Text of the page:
Baby Gear That's
Not Safe To Reuse
Making the decision to add another member to your brood is a big one, but deciding if the baby gear you already have is safe to reuse is just as important. Although using the baby products you already have, like car seats and baby clothes, is a more economical way to raise your baby-to-be, discover four things you should buy new for baby number two.
Drop-side cribs, detached side rails and faulty or defective crib hardware have been responsible for more than 11 million cribs being recalled by the U.S. Consumer Product Safety Commission (CPSC) since 2007. As a result, on June 28, 2011, a new federal law went into effect for crib manufacturing standards to ensure the safety of your sleeping babe and prohibiting the sale of any cribs manufactured before that date.
Although it isn't illegal to use a crib you already have, the CPSC urges consumers not to donate or give away pre-standard cribs because they do not meet the new crib safety requirements, making hand-me-down cribs a personal call for what's best for your family.
Did you know that car seats have an expiration date? SafeKids.org advises that car seats typically are still safe so long as they were manufactured within six years and have never been involved in a crash. However, you should check the underside of your car seat for the expiration date before splurging on a new one.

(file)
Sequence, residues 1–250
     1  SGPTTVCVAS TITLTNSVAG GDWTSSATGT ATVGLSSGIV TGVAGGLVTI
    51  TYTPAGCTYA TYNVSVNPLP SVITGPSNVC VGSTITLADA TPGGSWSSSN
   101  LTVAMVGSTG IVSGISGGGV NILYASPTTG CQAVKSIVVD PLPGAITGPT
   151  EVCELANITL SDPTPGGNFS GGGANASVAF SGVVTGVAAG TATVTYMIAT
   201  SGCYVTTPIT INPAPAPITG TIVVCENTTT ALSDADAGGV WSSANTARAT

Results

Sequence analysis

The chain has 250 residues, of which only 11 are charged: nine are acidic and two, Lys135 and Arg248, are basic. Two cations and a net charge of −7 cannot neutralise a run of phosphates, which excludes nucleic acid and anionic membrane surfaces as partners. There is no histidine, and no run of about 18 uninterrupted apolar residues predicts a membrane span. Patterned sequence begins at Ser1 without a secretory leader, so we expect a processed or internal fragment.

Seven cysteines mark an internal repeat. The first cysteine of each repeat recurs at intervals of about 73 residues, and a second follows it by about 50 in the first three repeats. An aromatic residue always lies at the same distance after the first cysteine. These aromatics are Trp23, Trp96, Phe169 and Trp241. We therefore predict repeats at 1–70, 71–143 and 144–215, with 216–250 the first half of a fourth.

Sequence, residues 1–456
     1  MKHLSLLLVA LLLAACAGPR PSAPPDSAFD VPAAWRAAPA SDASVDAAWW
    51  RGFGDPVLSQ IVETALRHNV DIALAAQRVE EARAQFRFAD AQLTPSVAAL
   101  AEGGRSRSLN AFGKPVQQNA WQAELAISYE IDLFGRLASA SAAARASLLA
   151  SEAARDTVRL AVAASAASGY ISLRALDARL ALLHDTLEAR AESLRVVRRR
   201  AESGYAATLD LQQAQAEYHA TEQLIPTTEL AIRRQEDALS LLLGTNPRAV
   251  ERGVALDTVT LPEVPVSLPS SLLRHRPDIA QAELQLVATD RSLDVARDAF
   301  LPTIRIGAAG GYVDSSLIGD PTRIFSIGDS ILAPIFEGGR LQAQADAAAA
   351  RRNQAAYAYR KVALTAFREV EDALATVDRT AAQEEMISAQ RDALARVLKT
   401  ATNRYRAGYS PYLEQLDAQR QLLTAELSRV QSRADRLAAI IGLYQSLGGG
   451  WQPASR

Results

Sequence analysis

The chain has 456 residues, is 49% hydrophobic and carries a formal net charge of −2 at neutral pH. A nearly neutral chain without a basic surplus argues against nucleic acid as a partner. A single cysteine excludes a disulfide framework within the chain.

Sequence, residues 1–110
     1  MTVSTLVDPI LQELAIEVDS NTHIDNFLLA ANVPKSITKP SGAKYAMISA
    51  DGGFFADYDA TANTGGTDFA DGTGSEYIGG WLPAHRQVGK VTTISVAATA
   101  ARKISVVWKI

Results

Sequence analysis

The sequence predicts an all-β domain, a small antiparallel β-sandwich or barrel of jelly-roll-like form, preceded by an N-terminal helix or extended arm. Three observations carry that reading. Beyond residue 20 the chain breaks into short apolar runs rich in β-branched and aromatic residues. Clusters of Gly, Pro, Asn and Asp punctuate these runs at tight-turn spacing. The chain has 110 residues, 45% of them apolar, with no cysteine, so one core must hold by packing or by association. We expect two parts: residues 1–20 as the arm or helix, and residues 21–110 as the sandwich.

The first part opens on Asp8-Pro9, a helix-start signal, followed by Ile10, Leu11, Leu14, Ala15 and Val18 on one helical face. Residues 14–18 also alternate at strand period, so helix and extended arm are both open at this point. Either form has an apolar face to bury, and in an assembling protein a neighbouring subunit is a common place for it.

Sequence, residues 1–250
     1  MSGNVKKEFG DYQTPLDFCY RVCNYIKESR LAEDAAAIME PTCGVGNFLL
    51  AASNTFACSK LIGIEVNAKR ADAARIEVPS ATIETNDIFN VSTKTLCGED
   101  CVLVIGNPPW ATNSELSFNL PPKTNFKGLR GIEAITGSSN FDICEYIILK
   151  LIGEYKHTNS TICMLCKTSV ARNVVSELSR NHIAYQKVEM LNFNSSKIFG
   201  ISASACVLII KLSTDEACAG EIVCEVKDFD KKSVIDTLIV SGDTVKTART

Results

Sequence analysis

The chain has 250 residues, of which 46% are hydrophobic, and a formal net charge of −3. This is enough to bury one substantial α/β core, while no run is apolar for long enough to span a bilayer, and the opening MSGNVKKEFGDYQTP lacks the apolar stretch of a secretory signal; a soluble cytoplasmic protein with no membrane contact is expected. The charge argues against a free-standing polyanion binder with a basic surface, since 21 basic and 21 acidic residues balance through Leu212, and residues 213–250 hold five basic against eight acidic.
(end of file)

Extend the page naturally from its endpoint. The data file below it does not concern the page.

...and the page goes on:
Bottle nipples and pacifiers
As the materials used to create bottle nipples and pacifiers break down, your baby soother may become a choking hazard, so you should consider springing for new ones. Although sanitation may not be as much as a concern when these baby items come from your own kiddos, purchasing new binkies and new nipples for your existing bottles is a much safer -- and economical -- alternative.
New crib standards call for better fitting mattresses to meet the latest safety requirements, so your old crib mattress may not fit your new baby's new slumber station. In addition, harmful bacteria and bodily fluids can make their way into baby mattresses should the protective covering in the pad become torn, posing a health hazard for your newborn. In cases where the mattress fits snugly, you may want to opt for a waterproof mattress saver to keep this sleeping item as sanitary as possible.
SafeKids.org urges you to always check that a used or hand-me-down baby gear has not been recalled before deciding whether it's safe for your bundle of joy. To stay on top of the latest recalls that may affect your youngster, sign up for the CPSC's recall notification email list.
Good to Know
Whether your first child or your fifth, knowing when it's safe to go the economical rout and the things to buy new for baby number two will let you focus on more important things like your newborn's first smile!
Read more on baby gear
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Expectant mom's guide to baby gear
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